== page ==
Platform politics

Big Tech playing editor, government demanding traceability, both are problematic. Sending a bunch of cops weakens Delhi’s case

The fault-lines are hardening in what will be a long standoff between Big Tech and the Indian state. On May 25, as the three-month deadline for conforming to the new IT Rules drew to a close, WhatsApp, the Facebook-owned messaging platform, approached Delhi High Court to challenge the traceability provisions in the new rules on grounds that implementing them would infringe on the users’ “fundamental rights to privacy and freedom of speech”. The move comes on the heels of the Delhi Police visit to Twitter’s offices in Delhi and Gurgaon, ostensibly to serve the social media platform a notice after it had flagged some posts by members of the ruling party as “manipulated media”. The police knock makes Delhi look like a bully.

Undoubtedly, social media platforms have much to answer for. They routinely seek refuge under the safe harbour protections afforded to them by Section 79 of the Information Technology Act, according to which intermediaries are not held legally or otherwise liable for any third party information or data made available or hosted on their platform. At the same time, however, their interventions invite the charge that they are arrogating to themselves the job of gatekeepers, and doing so in ad hoc ways. Despite their professions of faith in openness, the decision-making processes of these platforms are shrouded in secrecy. In a polarised discourse, when tweets reflect a political agenda, and do not carry any incitement to violence, what can be the criteria to label or censor content as “manipulated”? How do you decide what to flag among the countless dodgy tweets? Social media platforms cannot shrug off responsibility for users’ actions when convenient, and then sit in judgment using criteria hidden from public view. In a democracy, it must be asked whether the governance of global public platforms can be left in the hands of a few executives with zero accountability and skewed incentive structures.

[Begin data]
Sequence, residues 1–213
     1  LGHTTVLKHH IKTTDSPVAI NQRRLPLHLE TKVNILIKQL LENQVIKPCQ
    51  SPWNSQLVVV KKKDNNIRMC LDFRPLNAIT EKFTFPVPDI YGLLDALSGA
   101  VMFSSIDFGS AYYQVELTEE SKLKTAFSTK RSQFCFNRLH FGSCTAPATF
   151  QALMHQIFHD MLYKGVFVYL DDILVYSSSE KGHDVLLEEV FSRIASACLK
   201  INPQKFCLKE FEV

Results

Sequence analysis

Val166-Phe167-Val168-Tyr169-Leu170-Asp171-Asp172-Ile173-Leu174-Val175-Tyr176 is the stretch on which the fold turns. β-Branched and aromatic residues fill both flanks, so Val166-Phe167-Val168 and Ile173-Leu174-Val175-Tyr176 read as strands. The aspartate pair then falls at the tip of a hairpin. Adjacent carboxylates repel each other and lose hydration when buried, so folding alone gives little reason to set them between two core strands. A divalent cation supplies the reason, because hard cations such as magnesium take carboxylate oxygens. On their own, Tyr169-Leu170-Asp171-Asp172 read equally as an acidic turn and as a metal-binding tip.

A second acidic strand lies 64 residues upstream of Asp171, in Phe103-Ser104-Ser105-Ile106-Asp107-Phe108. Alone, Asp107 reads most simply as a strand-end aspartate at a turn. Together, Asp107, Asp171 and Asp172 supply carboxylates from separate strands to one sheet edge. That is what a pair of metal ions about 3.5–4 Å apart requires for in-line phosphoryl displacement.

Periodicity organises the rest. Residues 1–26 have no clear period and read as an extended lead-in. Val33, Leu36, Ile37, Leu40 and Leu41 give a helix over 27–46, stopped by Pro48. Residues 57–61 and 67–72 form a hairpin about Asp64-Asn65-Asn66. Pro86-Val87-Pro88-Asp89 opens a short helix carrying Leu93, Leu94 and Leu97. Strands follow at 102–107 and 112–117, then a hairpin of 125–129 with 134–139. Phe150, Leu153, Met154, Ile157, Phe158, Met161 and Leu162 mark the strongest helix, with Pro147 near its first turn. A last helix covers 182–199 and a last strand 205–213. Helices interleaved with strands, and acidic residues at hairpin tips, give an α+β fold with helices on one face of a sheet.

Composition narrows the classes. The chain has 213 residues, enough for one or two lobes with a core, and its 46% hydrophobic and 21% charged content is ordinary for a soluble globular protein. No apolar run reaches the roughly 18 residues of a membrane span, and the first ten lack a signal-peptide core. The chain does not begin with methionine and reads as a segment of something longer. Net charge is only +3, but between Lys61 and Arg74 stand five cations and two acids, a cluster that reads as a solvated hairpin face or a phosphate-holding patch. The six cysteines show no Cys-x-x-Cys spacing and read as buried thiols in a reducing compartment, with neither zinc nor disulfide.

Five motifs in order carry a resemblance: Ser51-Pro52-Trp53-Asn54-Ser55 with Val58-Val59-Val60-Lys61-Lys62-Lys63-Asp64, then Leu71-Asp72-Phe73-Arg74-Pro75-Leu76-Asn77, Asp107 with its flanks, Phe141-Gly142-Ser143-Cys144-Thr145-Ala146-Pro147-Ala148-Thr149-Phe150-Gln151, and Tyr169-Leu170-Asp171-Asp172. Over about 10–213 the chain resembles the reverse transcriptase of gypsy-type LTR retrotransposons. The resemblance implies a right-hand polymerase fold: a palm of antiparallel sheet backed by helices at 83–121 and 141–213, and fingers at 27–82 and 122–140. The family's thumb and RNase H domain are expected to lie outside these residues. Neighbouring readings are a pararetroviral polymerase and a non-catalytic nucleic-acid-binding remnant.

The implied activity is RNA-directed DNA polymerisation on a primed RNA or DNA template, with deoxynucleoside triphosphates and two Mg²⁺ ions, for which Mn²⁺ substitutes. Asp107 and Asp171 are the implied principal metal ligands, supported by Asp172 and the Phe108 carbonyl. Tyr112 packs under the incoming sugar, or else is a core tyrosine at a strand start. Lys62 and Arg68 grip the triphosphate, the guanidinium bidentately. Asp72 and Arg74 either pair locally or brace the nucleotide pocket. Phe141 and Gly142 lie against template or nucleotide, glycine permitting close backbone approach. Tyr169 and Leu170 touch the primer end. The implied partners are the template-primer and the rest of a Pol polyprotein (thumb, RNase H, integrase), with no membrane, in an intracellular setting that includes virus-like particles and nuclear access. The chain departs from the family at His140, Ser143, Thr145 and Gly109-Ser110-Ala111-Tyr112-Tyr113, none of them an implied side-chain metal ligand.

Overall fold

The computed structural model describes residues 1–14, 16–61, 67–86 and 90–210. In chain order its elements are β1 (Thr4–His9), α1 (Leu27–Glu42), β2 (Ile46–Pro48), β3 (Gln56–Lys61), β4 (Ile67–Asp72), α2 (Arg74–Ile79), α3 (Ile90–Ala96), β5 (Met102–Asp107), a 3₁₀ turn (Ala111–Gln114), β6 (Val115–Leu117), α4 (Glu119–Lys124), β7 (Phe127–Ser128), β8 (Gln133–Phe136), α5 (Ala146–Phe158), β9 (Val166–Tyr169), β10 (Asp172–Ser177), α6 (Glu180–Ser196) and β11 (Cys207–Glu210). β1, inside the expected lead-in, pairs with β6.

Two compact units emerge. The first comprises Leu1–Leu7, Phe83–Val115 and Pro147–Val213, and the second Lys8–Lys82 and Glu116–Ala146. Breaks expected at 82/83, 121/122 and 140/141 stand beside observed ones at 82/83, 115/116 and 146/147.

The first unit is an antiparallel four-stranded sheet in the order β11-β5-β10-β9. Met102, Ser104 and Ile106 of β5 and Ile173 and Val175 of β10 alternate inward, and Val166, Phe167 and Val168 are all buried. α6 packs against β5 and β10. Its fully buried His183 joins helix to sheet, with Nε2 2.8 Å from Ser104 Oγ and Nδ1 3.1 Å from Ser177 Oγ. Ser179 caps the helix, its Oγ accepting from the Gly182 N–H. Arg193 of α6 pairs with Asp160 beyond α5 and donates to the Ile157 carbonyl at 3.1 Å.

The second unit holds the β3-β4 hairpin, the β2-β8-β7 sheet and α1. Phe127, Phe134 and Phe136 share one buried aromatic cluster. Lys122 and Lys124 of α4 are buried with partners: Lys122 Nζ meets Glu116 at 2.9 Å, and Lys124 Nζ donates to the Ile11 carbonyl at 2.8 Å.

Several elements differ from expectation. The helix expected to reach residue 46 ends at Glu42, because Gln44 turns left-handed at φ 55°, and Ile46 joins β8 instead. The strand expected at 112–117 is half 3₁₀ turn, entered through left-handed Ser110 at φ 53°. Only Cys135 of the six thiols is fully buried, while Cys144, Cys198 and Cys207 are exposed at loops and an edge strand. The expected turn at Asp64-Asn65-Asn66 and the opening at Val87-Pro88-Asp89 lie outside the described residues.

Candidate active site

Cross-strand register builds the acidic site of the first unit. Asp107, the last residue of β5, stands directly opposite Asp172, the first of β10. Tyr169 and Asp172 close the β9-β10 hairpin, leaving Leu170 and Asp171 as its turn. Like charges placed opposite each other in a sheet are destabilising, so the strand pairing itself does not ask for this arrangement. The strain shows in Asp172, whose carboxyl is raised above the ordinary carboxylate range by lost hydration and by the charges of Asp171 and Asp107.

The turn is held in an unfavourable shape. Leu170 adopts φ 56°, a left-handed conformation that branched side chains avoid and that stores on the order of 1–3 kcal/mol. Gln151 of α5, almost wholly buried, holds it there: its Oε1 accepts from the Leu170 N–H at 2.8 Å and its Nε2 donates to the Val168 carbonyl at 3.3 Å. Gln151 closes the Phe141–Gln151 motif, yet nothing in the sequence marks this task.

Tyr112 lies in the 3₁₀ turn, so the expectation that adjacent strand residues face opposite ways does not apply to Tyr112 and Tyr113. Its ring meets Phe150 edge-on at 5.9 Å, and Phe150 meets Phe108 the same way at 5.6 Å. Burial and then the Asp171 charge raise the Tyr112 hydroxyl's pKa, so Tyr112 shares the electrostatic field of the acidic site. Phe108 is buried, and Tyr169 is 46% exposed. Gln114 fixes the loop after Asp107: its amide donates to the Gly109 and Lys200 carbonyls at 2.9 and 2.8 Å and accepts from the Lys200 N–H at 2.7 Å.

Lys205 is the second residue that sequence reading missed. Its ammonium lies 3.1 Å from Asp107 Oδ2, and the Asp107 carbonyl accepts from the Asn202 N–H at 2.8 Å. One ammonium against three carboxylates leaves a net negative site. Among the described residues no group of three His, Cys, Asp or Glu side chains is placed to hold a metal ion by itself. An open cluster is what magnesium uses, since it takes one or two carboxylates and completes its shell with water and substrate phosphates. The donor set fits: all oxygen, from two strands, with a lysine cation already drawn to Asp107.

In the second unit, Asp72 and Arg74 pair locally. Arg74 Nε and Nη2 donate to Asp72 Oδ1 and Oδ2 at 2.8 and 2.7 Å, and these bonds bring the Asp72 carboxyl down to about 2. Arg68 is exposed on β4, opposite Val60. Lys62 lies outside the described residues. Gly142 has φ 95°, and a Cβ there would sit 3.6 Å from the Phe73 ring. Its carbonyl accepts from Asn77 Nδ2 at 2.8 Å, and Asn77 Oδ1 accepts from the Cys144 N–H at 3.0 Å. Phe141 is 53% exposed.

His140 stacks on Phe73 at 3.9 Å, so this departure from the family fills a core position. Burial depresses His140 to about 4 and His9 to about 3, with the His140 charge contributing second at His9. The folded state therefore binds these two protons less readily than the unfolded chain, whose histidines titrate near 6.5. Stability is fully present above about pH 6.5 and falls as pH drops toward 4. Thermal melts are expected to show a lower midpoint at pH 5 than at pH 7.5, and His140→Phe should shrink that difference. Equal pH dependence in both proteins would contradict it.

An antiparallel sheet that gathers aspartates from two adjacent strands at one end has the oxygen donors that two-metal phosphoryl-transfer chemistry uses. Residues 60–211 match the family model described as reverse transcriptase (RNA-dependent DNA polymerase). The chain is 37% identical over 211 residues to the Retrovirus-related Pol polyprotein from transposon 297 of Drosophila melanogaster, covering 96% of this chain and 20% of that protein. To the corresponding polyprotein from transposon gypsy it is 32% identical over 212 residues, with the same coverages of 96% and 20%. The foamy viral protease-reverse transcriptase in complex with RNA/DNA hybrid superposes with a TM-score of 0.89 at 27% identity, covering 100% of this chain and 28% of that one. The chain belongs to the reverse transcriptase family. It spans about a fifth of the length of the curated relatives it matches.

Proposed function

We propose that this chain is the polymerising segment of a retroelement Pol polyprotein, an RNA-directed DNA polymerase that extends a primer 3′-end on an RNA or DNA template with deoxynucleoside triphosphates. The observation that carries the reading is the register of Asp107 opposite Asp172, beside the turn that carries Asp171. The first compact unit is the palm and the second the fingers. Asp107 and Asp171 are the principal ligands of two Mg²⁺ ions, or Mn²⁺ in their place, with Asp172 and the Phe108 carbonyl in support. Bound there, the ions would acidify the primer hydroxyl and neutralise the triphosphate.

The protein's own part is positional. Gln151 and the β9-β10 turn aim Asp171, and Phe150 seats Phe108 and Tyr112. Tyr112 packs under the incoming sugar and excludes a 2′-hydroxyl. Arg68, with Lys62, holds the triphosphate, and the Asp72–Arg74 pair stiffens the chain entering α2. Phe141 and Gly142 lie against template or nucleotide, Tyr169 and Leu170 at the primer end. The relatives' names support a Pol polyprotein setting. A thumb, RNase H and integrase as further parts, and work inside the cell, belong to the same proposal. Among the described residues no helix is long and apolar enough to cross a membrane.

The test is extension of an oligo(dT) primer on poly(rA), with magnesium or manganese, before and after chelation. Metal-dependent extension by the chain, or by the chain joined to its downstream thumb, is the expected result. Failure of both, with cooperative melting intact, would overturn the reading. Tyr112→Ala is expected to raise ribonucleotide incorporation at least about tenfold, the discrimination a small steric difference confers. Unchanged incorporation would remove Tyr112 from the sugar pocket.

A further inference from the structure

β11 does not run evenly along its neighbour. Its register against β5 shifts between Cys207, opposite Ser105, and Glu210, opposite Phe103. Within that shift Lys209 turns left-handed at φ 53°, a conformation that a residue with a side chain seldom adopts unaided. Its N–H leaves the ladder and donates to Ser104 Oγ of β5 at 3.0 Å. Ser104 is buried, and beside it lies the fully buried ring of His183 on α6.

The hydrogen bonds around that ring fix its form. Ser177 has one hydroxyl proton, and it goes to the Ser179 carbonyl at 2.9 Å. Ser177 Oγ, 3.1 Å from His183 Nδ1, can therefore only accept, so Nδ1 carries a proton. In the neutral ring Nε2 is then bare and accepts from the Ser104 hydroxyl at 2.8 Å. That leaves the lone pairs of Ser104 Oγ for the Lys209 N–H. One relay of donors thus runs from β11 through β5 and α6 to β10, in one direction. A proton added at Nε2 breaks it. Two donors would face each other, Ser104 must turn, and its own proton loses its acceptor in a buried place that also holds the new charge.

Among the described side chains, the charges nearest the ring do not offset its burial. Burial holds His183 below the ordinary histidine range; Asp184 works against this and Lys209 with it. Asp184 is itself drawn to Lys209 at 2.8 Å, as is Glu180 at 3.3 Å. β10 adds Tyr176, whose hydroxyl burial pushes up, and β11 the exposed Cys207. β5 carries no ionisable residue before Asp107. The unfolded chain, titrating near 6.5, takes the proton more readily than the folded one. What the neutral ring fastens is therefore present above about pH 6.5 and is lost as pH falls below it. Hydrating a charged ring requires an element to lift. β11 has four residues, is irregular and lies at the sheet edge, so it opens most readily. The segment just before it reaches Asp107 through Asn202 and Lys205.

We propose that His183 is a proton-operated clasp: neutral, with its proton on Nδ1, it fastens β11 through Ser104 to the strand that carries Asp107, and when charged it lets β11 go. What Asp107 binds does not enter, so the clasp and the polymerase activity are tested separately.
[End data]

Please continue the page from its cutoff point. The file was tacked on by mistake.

The manner in which the IT Rules have been framed is also problematic. For one, the government, which is likely to be an appealing party, has set itself up as arbitrator as well. Further, a blanket demand on traceability may allow it to wield power in an arbitrary manner for purposes that remain opaque. Such a demand may also be unnecessary given that social media firms have on various occasions complied with the government’s requests — on issues pertaining to terror, child abuse, and national security, for instance, provisions under the existing Indian Penal Code have been sufficient to elicit cooperation. What may then be required is targeted access, subject to due process cleared by a neutral arbiter. Since WhatsApp has already approached the court on the matter, it is only fitting that the judiciary should help draw up the necessary firewalls.

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